Lodging REIT stocks have had great growth rates, but now is not a good time to own these stocks. First, market sentiment is negative towards lodging due to their performance. Investors have assumed that they are at its peak and ready to go downhill. Investors have been so sensitive that every piece of bad news associated with lodging makes them dump the stocks.

In addition, market sentiment is negative towards REITs in general due to the interest rate hike. Whenever the Fed raises the yield on 10-year treasury notes, they become more competitive against REIT dividend yields. 10-year treasury notes are risk free which gives them a clear advantage over owning REITs.

In a statement last week, LaSalle Hotel Properties said they have revised down the metrics and don’t expect fourth quarter growth in RevPAR. They also will not provide forward looking statements for 2016 because the current environment has been too clouded. Their stocks have dropped by 11.4%. Largely because of the statement, lodging stocks, on average, have fallen by 10%.

Also, John Petry of Sessa Capital LP, which owns 8.2% of Ashford Hospitality Prime, is currently trying to remove the board and management after witnessing ‘one self-serving action after another.’ Petry wants to put it up for sale. I welcome a move to more transparency in the REIT space, but in this negative environment, I can only wish Petry good luck. Easy to play the hero role, but hard to execute it. The market seems to believe the same thing as Ashford’s stocks plummeted between 16%-18% last week.

Check the reports for Dividend Yield by Sector and Weekly Returns.

Heli Brecailo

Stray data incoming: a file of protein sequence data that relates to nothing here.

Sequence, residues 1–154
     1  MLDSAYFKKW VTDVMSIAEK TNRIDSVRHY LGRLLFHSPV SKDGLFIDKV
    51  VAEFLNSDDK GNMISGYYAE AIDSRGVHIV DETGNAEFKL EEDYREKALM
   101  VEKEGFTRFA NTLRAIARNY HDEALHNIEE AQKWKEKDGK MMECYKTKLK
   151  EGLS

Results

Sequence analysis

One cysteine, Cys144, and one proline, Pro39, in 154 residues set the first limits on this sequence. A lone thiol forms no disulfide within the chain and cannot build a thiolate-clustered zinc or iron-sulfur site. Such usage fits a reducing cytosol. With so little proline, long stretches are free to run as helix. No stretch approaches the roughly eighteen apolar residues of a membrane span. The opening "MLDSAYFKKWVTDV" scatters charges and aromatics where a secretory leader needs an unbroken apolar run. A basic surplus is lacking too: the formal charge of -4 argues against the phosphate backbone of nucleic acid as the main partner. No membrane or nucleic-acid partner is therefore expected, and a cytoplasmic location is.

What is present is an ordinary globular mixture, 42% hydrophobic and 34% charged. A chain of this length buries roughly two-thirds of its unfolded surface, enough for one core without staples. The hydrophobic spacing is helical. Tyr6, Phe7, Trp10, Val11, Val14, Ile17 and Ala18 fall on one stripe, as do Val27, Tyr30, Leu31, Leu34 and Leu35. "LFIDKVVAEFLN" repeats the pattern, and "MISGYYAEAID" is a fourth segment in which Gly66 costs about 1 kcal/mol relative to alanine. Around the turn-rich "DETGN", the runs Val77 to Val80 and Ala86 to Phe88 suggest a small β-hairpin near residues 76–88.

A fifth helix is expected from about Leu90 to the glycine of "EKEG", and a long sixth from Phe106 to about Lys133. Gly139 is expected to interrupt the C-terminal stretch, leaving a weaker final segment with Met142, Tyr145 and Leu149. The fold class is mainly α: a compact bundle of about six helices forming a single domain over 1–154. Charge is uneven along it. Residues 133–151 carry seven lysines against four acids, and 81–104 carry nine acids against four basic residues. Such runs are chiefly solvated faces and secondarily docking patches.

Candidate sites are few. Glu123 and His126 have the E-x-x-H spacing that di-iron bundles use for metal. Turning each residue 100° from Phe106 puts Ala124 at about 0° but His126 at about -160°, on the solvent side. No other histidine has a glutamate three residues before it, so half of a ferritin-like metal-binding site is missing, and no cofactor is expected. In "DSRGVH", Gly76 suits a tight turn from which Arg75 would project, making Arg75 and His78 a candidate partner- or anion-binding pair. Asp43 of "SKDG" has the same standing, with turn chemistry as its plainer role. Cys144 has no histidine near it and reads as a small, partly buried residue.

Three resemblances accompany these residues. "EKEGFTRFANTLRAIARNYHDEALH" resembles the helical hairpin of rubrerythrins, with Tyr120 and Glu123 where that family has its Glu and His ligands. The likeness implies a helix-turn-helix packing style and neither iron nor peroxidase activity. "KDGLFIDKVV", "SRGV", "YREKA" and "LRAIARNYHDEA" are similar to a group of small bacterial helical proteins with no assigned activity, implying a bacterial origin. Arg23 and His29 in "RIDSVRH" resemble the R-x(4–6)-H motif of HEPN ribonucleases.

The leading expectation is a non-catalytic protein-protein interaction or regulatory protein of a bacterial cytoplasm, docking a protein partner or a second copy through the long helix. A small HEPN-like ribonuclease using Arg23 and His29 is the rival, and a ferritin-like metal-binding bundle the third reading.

Companies: Ashford Hospitality Prime, Inc. (NYSE:AHP), Ashford Hospitality Trust, Inc. (NYSE:AHT), LaSalle Hotel Properties (NYSE:LHO)

Disclaimer: This is not a recommendation to buy or sell stocks. The highest-yield stocks are not necessarily the best portfolio investment choice. The purpose of this report — which is essentially a snapshot of information available on January 15, 2016 — is to reduce your stock analysis by enabling you to compare stock and sector performance. Please do your own due diligence before making any investment decision.

As of December 31, 2015, the equity REITs are constituent companies of the FTSE NAREIT All REITs Index. Companies whose equity market capitalization is lower than $100 million have been disregarded.

This report is not engaged in rendering tax, accounting, or other professional advice through this publication. No statement in this issue is to be construed as a recommendation to buy or sell any security or other investment. Some information presented in this publication has been obtained from third-party sources considered to be reliable. Sources are not required to make representations as to the accuracy of the information, however, and consequently the publisher cannot guarantee accuracy.

Disclosure: The author has no positions in any shares mentioned, and no plans to initiate any positions within the next 72 hours.